The Bund has long been an icon of Shanghai. No other city in China can boast a waterfront promenade with more than 50 buildings of varying architectural styles, from the neo-Renaissance-style Union Building (3 on the Bund) to neo-classical HSBC Building (12 on the Bund). With the fall season here, there isn’t a better time to enjoy the beautiful sights and bites on the Bund.
Chef Paul Pairet’s Mr & Mrs Bund serves modern French fare with a side of Bund views. The Forbes Travel Guide Recommended restaurant’s menu is a tome. All manner of meats make appearances — lamb, chicken, duck, beef, veal and pork — and there are loads of vegetable-related options as well. Particularly toothsome is the gazpacho bread Catalane — tomato gazpacho toast with rocket, roast capsicum, poached egg and anchovies. You can order straightforward French food like oysters (fine de claire, Gillardeau, Rockefeller) escargot or frog legs, but Pairet specializes in more Asian-fusion dishes. Try the simple yet buttery filet of seared black cod with olive oil, lemon and soy sauce.
Walk north along the Bund from Mr & Mrs Bund to Four-Star eatery Sir Elly’s Restaurant inside of Five-Star The Peninsula Shanghai. Though Sir Elly’s focus is on noshing, it’s also the perfect setting for a nightcap, particularly on its 14th-floor terrace. From up here, you’re afforded a sweeping view of the curve of the Huangpu River, the handsome colonial-style buildings that line the Bund, and the glittering, modern Pudong skyline across the water. While its wine list is made up of 400 labels, it’s the champagne cocktails that are the bar’s signature and most refreshing choices on a warm evening.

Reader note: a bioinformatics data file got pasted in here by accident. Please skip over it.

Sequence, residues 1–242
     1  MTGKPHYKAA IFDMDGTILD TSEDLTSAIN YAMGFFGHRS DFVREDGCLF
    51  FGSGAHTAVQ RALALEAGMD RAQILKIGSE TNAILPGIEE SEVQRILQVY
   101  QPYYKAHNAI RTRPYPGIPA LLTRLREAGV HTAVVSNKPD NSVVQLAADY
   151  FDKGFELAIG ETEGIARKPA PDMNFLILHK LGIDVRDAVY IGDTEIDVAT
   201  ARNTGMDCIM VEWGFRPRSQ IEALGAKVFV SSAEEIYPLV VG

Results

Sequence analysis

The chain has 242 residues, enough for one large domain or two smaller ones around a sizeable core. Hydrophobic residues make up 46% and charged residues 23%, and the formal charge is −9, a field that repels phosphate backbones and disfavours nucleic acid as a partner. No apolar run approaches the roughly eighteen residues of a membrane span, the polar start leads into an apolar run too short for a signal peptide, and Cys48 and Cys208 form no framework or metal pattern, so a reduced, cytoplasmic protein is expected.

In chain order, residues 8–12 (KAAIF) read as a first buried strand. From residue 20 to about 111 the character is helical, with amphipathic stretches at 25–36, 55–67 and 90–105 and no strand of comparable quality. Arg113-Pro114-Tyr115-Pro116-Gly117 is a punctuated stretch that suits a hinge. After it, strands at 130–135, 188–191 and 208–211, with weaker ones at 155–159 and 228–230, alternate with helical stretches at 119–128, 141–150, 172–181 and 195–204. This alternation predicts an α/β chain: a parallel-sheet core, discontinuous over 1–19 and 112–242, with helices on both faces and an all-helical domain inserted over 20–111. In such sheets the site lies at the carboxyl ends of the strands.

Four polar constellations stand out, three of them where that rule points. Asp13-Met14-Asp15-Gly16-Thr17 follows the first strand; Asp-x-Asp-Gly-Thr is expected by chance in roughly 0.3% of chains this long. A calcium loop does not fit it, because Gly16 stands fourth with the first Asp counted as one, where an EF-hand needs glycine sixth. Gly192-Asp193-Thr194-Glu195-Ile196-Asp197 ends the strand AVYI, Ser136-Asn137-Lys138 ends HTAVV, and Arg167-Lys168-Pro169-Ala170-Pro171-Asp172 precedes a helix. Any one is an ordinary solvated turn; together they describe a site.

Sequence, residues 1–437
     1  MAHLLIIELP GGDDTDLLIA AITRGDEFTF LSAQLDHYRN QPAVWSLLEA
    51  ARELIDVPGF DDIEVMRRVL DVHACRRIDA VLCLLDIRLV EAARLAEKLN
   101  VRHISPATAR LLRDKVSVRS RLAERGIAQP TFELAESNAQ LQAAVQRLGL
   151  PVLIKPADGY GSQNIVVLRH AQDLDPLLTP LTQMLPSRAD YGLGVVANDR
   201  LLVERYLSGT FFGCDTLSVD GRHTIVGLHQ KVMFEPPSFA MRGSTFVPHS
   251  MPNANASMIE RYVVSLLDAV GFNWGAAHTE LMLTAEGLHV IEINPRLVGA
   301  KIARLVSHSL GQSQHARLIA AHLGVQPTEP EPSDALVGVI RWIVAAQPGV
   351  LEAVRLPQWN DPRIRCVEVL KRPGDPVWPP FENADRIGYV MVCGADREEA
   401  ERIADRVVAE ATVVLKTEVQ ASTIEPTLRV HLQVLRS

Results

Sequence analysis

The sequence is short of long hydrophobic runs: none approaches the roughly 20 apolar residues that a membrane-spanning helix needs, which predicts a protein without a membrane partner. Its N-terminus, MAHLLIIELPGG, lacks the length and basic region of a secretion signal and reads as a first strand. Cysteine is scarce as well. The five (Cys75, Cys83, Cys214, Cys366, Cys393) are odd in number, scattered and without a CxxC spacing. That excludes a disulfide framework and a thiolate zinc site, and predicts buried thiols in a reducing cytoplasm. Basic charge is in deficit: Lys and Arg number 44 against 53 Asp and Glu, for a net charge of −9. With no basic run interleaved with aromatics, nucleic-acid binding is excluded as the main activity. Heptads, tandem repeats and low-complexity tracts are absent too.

Five-Star Waldorf Astoria Shanghai on the Bund boasts some serious historical cred: the former Shanghai Club Building was once home to the city’s most exclusive men’s club. Though the club dates back to 1861, the six-story, Baroque-style building it was headquartered in didn’t open until 1910. The club was well known for its Long Bar, a mahogany bar that was a cool 111 feet long. The once-grand building was in disrepair when the Waldorf took over in 2009. When it opened in 2011 — the hotel’s existing double-height lobby was replaced with Ionic columns but, thankfully, much of the crown molding and wainscoting around the property was restored — it brought back to life one of the Bund’s most stately structures. Today, you can celebrate all that the regal property has to offer through a variety of offerings, ranging from events aimed at foodies (Amsterdam chef Sidney Schutte visited Pelham’s in early September) to packages geared at relaxation (the Spa Experience includes a $140 treatment credit).